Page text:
[Sca-cooks] January 2009 MK Cooks Challenge
selene at earthlink.net
Wed Jan 14 09:55:27 PST 2009
My word, yes, cheese. Particularly in the Middle Kingdom. I was struck
by the difference the regional milk made, even in such an ordinary
product as cottage cheese.
My father, a wine columnist who writes as "The Grape Escape" in L.A.
area papers, is a harsh critic of phrases like "grassy" and "raspberry
notes" etc. "If I want raspberries, I'll eat raspberries" he
complains. I don't really agree with him totally; for some subtle
distinctions, how else can you word it? Like every other style of
jargon it can be taken to extremes, of course. My usual "don't be a
jerk" guidelines apply.
Tangentally: I am spearheading the activity organization for the 25th
Anniversary of the Right Noble Brewers' Guild of Caid est. September
1985] and am examining these suggestions most carefully. I would like to
appropriate the vinegar-tasting concept if nobody minds, including the
caveat about not overdoing it with too many samples.
Elaine Koogler wrote:
> How about cheeses? You could also include cheeses from the Middle East and
> India...hard cheeses, soft cheeses, fresh cheeses, etc.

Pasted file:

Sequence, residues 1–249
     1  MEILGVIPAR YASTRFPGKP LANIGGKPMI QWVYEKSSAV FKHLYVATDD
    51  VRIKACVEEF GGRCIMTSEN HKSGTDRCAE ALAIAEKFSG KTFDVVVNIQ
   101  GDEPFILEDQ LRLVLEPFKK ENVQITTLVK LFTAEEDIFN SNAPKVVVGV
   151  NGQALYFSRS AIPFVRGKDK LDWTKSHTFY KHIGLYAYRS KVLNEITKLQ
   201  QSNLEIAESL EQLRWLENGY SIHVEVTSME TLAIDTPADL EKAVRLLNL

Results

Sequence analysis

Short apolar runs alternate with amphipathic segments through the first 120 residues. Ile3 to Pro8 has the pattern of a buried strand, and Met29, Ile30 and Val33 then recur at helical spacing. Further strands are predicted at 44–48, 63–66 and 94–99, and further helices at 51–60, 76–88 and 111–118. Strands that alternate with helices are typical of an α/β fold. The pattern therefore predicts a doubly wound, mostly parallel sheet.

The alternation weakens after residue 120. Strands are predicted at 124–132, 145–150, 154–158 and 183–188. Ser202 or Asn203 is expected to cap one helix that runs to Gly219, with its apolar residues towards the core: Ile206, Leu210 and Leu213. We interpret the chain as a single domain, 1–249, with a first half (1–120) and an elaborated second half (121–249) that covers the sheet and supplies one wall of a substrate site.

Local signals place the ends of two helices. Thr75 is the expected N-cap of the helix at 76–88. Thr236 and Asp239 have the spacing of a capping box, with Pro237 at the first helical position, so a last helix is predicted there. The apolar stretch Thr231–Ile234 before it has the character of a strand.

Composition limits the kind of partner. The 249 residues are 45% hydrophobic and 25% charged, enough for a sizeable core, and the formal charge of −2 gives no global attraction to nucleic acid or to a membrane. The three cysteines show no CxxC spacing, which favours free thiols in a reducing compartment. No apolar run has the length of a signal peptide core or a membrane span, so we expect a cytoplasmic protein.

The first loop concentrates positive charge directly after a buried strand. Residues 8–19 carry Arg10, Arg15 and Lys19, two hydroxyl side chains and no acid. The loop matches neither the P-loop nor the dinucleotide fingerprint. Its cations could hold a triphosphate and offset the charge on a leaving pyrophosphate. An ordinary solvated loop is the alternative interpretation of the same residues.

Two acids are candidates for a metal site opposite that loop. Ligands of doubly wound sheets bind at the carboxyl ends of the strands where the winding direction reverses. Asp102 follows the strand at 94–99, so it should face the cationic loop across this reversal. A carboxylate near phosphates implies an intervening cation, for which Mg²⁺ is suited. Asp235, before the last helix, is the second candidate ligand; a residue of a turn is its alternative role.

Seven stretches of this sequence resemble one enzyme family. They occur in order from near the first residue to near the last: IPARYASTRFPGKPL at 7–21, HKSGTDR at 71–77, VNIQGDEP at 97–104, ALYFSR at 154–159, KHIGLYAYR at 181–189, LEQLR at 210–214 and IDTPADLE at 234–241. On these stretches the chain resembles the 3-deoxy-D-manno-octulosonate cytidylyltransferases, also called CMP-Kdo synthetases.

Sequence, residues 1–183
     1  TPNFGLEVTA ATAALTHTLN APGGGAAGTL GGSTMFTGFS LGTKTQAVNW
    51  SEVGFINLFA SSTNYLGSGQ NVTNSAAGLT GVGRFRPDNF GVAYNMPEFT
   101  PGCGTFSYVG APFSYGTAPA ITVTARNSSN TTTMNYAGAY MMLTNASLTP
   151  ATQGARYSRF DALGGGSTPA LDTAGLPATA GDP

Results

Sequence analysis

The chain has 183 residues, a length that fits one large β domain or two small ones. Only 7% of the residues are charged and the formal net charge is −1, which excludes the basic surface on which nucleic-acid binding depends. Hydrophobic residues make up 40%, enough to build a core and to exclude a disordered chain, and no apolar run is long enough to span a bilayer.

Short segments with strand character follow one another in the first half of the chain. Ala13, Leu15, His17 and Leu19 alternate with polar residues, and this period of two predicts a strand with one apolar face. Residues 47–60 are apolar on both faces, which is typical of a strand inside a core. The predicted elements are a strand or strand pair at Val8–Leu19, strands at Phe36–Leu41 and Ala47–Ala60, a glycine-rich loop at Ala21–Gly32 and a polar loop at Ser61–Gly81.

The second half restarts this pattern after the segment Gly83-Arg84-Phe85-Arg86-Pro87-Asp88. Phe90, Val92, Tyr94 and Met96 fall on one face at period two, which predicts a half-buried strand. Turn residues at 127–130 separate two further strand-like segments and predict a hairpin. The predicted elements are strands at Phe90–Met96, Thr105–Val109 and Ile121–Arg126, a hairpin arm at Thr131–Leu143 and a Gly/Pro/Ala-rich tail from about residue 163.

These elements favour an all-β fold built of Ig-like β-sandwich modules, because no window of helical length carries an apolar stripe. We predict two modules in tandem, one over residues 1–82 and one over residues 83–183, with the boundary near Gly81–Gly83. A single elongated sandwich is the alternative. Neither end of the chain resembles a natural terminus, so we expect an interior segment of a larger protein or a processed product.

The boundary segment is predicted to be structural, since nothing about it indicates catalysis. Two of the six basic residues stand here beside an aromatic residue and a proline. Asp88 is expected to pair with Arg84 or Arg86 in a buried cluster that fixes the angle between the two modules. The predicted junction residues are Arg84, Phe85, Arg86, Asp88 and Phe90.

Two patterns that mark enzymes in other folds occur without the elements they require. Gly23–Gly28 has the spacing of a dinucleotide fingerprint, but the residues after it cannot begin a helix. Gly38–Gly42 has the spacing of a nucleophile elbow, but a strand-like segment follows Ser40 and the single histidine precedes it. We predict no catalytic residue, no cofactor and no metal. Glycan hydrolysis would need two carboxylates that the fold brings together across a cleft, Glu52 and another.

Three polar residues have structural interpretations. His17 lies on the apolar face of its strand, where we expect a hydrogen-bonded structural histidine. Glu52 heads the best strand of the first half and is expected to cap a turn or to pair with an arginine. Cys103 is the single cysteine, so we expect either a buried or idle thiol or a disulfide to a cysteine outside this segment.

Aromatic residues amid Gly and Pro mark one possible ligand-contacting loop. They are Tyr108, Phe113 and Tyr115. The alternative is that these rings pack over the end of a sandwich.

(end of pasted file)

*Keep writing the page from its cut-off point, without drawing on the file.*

> On Tue, Jan 13, 2009 at 3:57 PM, Gaylin Walli <gaylinwalli at gmail.com> wrote:
>> (Someone asked me if I would consider posting these on the SCA Cooks list
>> well as MK Cooks, so here they are. I'll try to continue doing so for the
>> remainder of the year.--Iasmin)
>> When thinking about food trends in the modern world, one of the things
>> struck several MK Cooks members was that people frequently used small
>> research forays as a way of sound "pseudo intelligent" about food. Case in
>> point: wine tastings. People attend wine tastings, memorize of the
>> pseudo-science and outright fabrications of the tasting liason, and then
>> proceed to parrot that information to their friends and acquaintances
>> without really understanding what it is they're talking about. Phrases
>> "Fruit forward," "lush mouth feel," "grassy nose" are being bandied about
>> with little explanation or true understanding of their meanings.
>> The Challenge
>> Mini "tastings" have become popular in the modern world as a trendy evening
>> activity. We could expand upon this by coming up with tastings geared
>> towards cooking researchers that bypassed the "pseudo intelligence" and
>> aimed at getting people to make their own decisions on what items tasted
>> Suggest only ONE or TWO possible items that might serve as acceptable
>> "tasting" topics for a 1-hour session as a class or discussion panel. For
>> -- salts from around the world, beyond common table and sea sea salt.
>> -- olive oils, especially those commonly available in the grocery store.
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